Sports

White River pair help Roxx win Babe Ruth World Series

Dustin Stroud and Payden Cawley Lamb were part of the Babe Ruth championship team. - Photo courtesy Jody Cawley Lamb
Dustin Stroud and Payden Cawley Lamb were part of the Babe Ruth championship team.
— image credit: Photo courtesy Jody Cawley Lamb

Dustin Stroud and Payden Cawley Lamb are still coming off the euphoria of helping their team win the U18 Babe Ruth World Series.

The White River High seniors played a pivotal role for the Puget Sound Roxx, a Puyallup-based Babe Ruth team that cruised to the title Aug. 22 in Moses Lake, Wash.

"I'm still riding high," Cawley Lamb said. "It's the best feeling in the world. This feeling should last forever. I don't want to ever let it go. It was the greatest day of my life so far."

"It's the best feeling I've ever had," Stroud said. "It's a once-in-a-lifetime thing."

In more than a week's worth of games, the Roxx skipped past teams from New York, British Columbia, Cape Cod and Louisiana before topping Hammond, Ind., 9-0 for the championship – a win made sweeter since Hammond tossed the Roxx a loss early in the tournament's pod play.

"We talked about what we saw and knew what he had," Stroud said of Hammond's pitcher. "We jumped on him faster."

The two teams went scoreless for the first couple of innings before the Roxx jumped ahead. Stroud said by the end of the game, he and the others had found the hurler's weakness.

"Payden and Dustin played a pivotal part," Roxx coach Quinten Poil said.

Cawley Lamb, a 5-foot-10 outfielder in his first year with the Roxx, was named a tournament all-defensive player. It was his second Golden Glove of the season, also picking up honors at an earlier tournament at Washington State University. Stroud, a 6-foot-2 third baseman, produced the Roxx power at the plate as an RBI guy. Both players finished the season hitting near, or better than, .400. Both, Poil said, played solid defense and swung the bat well.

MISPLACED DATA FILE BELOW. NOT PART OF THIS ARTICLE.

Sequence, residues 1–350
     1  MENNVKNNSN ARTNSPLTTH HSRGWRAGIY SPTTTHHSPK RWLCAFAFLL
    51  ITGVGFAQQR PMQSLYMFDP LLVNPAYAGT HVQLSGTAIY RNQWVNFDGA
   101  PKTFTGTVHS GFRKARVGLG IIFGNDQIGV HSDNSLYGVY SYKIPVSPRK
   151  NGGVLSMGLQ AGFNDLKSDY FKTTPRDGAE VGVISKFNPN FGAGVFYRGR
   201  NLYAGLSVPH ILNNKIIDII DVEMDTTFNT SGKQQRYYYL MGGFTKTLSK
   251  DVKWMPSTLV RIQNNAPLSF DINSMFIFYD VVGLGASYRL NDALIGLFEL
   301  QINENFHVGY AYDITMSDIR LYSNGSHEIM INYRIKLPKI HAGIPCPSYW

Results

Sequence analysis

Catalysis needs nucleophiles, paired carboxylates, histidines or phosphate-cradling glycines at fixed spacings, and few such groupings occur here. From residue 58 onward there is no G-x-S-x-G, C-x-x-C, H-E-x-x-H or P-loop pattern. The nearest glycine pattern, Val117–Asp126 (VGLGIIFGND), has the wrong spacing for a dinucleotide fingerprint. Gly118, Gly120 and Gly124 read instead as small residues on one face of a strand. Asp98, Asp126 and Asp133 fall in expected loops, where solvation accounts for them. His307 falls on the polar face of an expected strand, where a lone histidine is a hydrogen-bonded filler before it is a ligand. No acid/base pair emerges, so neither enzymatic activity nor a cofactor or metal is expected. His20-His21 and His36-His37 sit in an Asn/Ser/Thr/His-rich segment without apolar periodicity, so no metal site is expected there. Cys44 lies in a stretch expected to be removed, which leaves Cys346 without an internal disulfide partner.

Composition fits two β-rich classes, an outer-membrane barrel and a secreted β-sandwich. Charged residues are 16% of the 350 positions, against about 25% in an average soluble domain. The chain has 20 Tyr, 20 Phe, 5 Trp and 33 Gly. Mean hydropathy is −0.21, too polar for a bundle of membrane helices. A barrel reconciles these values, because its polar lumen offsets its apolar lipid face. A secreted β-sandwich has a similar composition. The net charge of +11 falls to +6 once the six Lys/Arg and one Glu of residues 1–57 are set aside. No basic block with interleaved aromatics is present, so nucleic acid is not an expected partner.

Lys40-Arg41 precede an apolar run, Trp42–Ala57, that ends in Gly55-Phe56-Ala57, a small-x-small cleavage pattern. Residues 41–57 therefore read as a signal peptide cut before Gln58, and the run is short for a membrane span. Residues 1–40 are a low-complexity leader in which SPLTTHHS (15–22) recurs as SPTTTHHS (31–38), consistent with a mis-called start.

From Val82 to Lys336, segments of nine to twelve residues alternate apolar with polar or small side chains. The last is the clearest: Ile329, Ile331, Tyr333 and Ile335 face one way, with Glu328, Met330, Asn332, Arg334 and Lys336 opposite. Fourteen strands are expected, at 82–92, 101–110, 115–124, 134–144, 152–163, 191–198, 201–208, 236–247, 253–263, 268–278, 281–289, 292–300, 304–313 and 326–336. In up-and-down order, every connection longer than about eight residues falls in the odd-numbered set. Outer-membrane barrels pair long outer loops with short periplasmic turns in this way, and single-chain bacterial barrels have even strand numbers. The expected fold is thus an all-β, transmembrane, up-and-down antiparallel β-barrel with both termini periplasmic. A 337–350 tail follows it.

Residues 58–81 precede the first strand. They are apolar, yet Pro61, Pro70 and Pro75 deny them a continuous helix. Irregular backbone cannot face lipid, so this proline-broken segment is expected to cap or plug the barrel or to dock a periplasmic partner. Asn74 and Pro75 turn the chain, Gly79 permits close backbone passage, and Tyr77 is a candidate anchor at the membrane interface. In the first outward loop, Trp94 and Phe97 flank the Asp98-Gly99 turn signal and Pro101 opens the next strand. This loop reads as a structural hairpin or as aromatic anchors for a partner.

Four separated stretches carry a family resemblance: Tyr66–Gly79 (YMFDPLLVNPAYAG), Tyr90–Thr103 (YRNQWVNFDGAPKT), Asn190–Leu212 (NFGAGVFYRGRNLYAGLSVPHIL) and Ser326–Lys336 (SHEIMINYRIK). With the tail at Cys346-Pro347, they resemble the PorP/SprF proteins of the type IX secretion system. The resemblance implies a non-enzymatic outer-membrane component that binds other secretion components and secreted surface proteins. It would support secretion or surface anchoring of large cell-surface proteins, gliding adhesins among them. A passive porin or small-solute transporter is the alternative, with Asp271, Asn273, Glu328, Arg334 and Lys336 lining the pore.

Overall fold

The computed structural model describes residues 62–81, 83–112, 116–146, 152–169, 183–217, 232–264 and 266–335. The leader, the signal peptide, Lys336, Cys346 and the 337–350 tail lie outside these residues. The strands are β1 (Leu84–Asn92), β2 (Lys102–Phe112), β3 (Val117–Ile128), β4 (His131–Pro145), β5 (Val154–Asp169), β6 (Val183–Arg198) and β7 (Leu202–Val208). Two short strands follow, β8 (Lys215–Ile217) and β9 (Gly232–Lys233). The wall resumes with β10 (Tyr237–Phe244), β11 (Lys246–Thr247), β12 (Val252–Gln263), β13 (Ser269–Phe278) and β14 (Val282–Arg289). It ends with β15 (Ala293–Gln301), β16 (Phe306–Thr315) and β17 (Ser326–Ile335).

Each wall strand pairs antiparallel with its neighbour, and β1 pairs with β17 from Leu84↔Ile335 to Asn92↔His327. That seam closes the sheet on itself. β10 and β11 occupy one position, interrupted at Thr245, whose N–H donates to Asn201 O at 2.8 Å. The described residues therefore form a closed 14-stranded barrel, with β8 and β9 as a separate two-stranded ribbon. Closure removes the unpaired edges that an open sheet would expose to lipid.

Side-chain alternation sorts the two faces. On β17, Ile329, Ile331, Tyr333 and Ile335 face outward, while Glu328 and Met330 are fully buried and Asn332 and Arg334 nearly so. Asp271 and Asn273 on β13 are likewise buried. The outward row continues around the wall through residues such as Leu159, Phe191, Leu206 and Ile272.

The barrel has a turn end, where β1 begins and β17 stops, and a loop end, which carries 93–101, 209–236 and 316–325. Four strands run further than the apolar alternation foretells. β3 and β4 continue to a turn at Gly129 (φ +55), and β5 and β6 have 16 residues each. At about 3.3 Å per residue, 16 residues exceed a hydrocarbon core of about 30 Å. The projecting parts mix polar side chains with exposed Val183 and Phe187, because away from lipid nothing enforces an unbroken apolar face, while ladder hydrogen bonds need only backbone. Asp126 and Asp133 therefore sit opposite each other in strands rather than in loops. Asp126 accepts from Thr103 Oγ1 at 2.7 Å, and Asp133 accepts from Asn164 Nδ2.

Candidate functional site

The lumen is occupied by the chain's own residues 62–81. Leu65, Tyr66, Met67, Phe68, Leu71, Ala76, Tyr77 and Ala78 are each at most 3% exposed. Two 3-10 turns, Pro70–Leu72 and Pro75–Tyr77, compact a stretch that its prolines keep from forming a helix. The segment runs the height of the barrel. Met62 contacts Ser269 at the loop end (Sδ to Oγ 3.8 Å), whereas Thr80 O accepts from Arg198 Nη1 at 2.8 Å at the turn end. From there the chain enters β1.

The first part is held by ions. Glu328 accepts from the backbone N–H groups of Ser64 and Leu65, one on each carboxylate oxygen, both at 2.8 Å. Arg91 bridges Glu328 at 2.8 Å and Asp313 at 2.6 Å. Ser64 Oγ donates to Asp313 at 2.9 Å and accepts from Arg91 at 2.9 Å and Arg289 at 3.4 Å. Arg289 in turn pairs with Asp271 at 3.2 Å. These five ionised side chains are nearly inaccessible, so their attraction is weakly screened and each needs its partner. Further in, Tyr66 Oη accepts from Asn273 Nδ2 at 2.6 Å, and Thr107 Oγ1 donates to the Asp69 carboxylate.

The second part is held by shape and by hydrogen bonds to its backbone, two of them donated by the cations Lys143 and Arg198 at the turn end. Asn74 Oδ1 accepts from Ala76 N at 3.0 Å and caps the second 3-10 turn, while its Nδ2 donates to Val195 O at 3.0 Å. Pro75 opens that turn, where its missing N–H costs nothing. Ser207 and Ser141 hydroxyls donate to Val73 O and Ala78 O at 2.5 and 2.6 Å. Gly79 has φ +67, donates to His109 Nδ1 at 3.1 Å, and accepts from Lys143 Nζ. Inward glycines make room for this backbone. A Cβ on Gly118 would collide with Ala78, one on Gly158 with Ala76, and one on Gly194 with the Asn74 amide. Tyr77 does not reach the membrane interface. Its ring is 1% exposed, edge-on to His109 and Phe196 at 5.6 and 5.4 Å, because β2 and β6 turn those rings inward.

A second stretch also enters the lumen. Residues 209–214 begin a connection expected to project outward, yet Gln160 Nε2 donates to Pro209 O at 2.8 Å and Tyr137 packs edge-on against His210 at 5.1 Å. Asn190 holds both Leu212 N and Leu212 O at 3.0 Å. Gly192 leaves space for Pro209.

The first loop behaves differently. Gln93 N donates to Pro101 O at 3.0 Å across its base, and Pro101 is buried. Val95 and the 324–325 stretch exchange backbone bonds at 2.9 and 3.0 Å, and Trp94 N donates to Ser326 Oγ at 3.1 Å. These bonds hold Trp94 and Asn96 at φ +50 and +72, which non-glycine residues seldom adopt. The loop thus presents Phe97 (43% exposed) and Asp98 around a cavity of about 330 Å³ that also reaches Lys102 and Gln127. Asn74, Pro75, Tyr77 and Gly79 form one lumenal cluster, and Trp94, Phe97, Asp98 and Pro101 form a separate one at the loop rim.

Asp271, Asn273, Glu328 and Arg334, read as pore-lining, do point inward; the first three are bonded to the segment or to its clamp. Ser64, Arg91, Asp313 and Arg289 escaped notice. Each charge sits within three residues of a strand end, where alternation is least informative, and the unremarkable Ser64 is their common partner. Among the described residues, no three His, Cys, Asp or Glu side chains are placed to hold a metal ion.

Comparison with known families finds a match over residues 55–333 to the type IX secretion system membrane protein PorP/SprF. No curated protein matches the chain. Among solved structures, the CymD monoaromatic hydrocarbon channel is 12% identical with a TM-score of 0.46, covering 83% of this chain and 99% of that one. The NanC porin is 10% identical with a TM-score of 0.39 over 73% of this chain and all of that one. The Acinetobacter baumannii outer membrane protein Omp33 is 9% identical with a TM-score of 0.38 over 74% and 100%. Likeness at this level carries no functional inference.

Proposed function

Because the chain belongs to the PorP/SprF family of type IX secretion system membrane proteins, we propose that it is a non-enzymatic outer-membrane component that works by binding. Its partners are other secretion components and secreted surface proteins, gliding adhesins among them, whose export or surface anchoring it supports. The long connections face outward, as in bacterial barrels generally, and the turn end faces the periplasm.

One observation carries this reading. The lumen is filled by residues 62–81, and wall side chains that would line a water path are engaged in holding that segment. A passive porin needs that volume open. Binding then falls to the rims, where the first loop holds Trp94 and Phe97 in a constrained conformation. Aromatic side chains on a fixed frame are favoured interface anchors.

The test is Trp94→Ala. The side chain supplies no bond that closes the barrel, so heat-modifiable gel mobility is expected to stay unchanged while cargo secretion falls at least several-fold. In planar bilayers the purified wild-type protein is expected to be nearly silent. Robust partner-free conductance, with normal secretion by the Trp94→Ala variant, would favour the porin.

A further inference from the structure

"Those two guys are lights out," he said. "They are very, very good baseball players."

That's high praise for players on a team 14 deep with talent.

"This is a very solid, tight-knit group," Poil said. "They have great chemistry."

The Puget Sound Roxx have been together since the players were 12 to 13 years old. As 14-year-olds, the group won a world series title, Poil said, but not one nearly as prominent as the Babe Ruth championship.

"This is one of the most prestigious tournaments you can win at their age group," Poil said. "There's Babe Ruth, American Legion and Connie Mack, those are the three, if you can win one of those it's an accomplishment. If you've done that you've done something."

The team finished the season 49-4, with two of the losses early in the season without a full roster. The team earned its World Series berth with a state tournament title. This year, the World Series happened to land in their back yard, or eastern Washington, making travel easier and helping them draw a good fan base.

"We were the first state champs to win the World Series," Cawley Lamb said. Since Washington state hosted the tournament, the Roxx earned a direct berth from its state title. Columbia Basin, as host, also represented Washington. British Columbia's Chaffey earned the regional berth.

With the team made up of 17-year-olds, there's another year ahead of them. There's talk of going after the Connie Mack World Series, but for others Poil said the focus will turn to getting a college attention. Poil expects Stroud and Lamb to be at the top of several college recruiters' lists.

"The Buckley area should be proud of these two young men," he said. "They are classy kids and a pleasure to coach."

Cawley Lamb would like to play at Washington State University. Stroud is also looking to stay close to home, eyeing several community college options. Both plan to return to the White River lineup in the spring.

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